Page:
The "indirect method" is a "particular way of using circumstantial evidence at the summary judgment stage." Morgan, 724 F.3d at 996. This is the "burden-shifting method of proof recognized in McDonnell Douglas Corp. v. Green, 411 U.S. 792 (1973), under which the plaintiff first establishes a prima facie case of discrimination, the employer responds by articulating a legitimate, nondiscriminatory reason for its action, and the plaintiff then has the burden of showing that the employer's explanation is pretextual." Hester v. Ind. State Dep't of Health, 726 F.3d 942, 947 (7th Cir. 2013).
I. Discriminatory Discharge Claim
The Board argues that it is entitled to summary judgment with regard to Koch's discriminatory discharge claim because Koch has not, and cannot, put forth any evidence establishing a prima facie case of discrimination. R. 60. Specifically, the Board argues that Koch has failed to produce any direct evidence that Koch was discharged on account of her age. Id. The Board argues further that Koch has failed to put forth any indirect evidence establishing the fourth prong of the McDonnell Douglas burden shifting test, i.e., that other similarly situated persons outside of the protected class were treated more favorably. Id. The Court agrees and grants summary judgment in the Board's favor.
A. Direct Method
1. Direct Evidence
Koch makes the bald assertion in her amended complaint that she was discharged on account of her age. R. 36 ¶ 49. Koch fails, however, to provide any direct evidence supporting this assertion. During her deposition, Koch was asked for the basis for her belief that she was discharged on account of her age. R. 63, Ex. A1 at 118:14-16. Koch responded that the basis for her belief was that everyone who was rehired was younger than she was. Id. at 118:17-19. Koch's answer, while factually inaccurate, also mistakenly conflates two distinct claims: the alleged discriminatory discharge claim and the alleged discriminatory failure to rehire claim. Sauzek v. Exxon Coal USA, Inc., 202 F.3d 913, 920 (7th Cir. 2000)). ("[A]n employer's decision to terminate a worker is a separate and distinct act from a subsequent decision not to rehire that employee."). Evidence of the Board rehiring employees younger than Koch is relevant to her claim of discriminatory failure to rehire, but it is not relevant evidence supporting her discriminatory discharge claim.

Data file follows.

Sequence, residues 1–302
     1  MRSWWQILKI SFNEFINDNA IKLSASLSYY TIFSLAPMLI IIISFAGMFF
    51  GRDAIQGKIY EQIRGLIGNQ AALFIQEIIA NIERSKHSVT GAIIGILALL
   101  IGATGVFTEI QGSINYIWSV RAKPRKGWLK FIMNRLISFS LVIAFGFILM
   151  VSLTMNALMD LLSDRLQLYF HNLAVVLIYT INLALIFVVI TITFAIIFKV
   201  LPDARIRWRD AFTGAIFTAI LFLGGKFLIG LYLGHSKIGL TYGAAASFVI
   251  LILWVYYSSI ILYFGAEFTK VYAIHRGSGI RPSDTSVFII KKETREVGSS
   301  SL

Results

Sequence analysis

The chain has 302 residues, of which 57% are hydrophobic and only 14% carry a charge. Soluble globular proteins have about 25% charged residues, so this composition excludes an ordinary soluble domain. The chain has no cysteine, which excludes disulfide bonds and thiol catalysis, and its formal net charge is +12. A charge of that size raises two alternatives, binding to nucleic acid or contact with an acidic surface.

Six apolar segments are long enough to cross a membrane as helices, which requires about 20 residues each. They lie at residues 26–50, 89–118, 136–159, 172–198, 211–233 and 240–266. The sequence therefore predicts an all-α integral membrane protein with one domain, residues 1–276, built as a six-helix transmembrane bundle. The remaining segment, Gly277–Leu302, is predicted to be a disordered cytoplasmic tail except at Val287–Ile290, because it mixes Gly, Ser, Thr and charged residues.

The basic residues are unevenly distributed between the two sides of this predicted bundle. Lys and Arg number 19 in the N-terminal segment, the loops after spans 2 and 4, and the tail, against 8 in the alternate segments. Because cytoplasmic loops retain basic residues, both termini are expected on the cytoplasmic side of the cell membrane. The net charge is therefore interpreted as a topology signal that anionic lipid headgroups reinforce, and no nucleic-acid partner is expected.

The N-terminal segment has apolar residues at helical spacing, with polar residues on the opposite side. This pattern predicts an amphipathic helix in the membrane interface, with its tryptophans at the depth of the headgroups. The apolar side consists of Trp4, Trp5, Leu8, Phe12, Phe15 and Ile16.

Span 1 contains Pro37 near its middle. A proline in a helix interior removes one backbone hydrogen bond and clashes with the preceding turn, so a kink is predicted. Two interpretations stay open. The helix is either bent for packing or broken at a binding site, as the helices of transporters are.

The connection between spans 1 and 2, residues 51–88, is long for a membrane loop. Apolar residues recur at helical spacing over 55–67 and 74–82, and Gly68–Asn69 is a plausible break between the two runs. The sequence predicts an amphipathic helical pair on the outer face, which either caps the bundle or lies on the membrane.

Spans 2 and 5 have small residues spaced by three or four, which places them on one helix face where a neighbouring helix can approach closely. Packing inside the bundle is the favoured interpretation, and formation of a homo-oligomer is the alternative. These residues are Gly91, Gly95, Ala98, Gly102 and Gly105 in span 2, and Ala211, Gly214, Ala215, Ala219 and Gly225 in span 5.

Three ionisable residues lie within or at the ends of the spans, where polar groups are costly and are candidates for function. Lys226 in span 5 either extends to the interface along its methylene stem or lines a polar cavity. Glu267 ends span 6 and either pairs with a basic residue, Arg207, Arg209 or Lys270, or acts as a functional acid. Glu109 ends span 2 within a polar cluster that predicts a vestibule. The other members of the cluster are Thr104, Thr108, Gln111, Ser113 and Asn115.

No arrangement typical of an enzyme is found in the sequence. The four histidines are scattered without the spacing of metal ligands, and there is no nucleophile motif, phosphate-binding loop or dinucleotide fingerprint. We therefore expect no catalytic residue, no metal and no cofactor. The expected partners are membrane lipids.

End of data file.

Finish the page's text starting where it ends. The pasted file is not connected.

Koch concedes in her deposition that no one made any age-related comments to her or told her that she was being discharged because of her age. Id. at 119:10-19. Koch's memorandum in opposition to the summary judgment motion, however, points to statements made by Reyes and McLeod during their depositions that Koch was "old school" and not able to understand the new vision of the Board as demonstrative of their animus towards her age. R. 67 at 6. Again, these statements relate to the failure to rehire claim, not the initial discharge claim. This is so because it is undisputed that neither Reyes nor McLeod had any role in the initial determination to terminate Koch's employment. Koch does not offer any evidence, let alone allege, that either Reyes or McLeod had any role in the reorganization of the Chicago Public School systems, or that they were in a position to determine whether Koch's role would be impacted by the reorganization. In fact, Reyes was not made the director of Koch's department until after the reorganization was decided on and announced. R. 69 ¶¶ 15, 20. As such, any alleged animus Reyes or McLeod harbored towards Koch on account of her age is entirely irrelevant to Koch's claim of discriminatory discharge. West v. Ortho-McNeil Pharm. Corp., 2003 WL 260710, at *6 (N.D. Ill. 2003) ("[T]o constitute direct proof of discrimination, isolated discriminatory statements must be made the by the decision maker, Stopka v. Alliance of Am. Insurers, 141 F.3d 681, 688 (7th Cir. 1998), or by those who provide input into the decision.'" Hunt-Goliday v. Metro. Water Reclamation Dist. of Greater Chicago, 104 F.3d 1004, 1010 (7th Cir. 1997)).